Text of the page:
Saudi Arabia’s are cutting their assets abroad to invest in new treasury bills at home and extend credit to the public and private sectors, the Gulf Kingdom’s largest bank said on Tuesday.
The country’s 12 commercial banks have also cut their deposits with the Saudi Arabian Monetary Agency (SAM), central bank, with their excess reserves falling by nearly SRnine billion in the third quarter of 2010 over the previous quarter, National Commercial Bank (NCB) said in a study sent to Emirates 24/7.
The decline stifled growth in the Kingdom’s monetary aggregates, with the monetary base and money supply registering annual growth rates of 3.3 and 5.1 per cent compared to 7.3 and 3.4 per cent, respectively in the second quarter.
“Saudi banks had apparently shifted part of their international investments to the domestic market, with net foreign assets declining by two per cent in the third quarter over the previous quarter,” NCB said.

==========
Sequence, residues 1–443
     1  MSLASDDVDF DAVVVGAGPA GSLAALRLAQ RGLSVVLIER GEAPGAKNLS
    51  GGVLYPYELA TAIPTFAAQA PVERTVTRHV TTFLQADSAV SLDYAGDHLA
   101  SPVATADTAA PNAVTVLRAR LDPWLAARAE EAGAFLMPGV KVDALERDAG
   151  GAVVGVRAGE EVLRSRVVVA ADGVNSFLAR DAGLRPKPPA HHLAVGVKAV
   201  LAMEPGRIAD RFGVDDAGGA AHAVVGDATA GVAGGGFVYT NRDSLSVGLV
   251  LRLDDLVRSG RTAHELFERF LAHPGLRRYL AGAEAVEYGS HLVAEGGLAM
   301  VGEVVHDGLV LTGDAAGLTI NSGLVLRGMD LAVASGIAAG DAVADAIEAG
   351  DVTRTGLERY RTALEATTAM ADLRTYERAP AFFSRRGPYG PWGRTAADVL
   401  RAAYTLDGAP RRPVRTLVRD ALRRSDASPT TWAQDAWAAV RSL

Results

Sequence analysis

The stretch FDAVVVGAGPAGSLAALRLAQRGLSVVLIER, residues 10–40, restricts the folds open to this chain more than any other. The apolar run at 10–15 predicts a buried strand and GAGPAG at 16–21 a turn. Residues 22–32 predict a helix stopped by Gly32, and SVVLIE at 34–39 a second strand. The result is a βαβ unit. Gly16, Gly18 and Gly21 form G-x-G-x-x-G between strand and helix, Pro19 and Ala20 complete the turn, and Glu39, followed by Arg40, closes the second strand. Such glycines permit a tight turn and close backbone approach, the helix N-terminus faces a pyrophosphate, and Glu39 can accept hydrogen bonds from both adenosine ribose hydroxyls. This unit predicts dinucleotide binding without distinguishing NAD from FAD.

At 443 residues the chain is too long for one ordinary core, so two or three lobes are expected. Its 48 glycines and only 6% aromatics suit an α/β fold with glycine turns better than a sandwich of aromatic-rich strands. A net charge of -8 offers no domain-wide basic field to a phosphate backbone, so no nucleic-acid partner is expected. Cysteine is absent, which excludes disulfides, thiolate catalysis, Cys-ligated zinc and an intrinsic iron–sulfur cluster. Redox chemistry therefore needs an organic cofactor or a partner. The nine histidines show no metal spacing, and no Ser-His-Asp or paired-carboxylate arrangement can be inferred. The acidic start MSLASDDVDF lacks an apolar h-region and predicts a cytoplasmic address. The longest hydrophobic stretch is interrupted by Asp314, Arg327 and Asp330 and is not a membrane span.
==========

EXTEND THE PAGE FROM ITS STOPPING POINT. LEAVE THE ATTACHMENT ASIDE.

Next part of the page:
“This decrease was mainly driven by: (1) the plunge in assets due from branches abroad by SR10 billion, the reduction in investment abroad by SR5.0 billion and the shrinking liabilities due to branches abroad by SR10.7 billion.”
It noted that the decline in both excess reserves and net foreign assets was directed to the public and private sectors. Banks’ claims on the public sector increased by SR2.9 billion in the third quarter, it said.
It attributed the increase to an upsurge in credit to public sector enterprises and treasury bills by SR2.7 billion and SR2.4 billion respectively.
“The continued increase in T-bills does reflect Sama’s proactive strategy of replacing matured government bonds, which amounted to SR2.1 billion in the third quarter to avoid an influx of liquidity, mitigate the impact on banks’ profitability and lower the debt service, especially that there is no need for high-cost long-term debt,” the report said.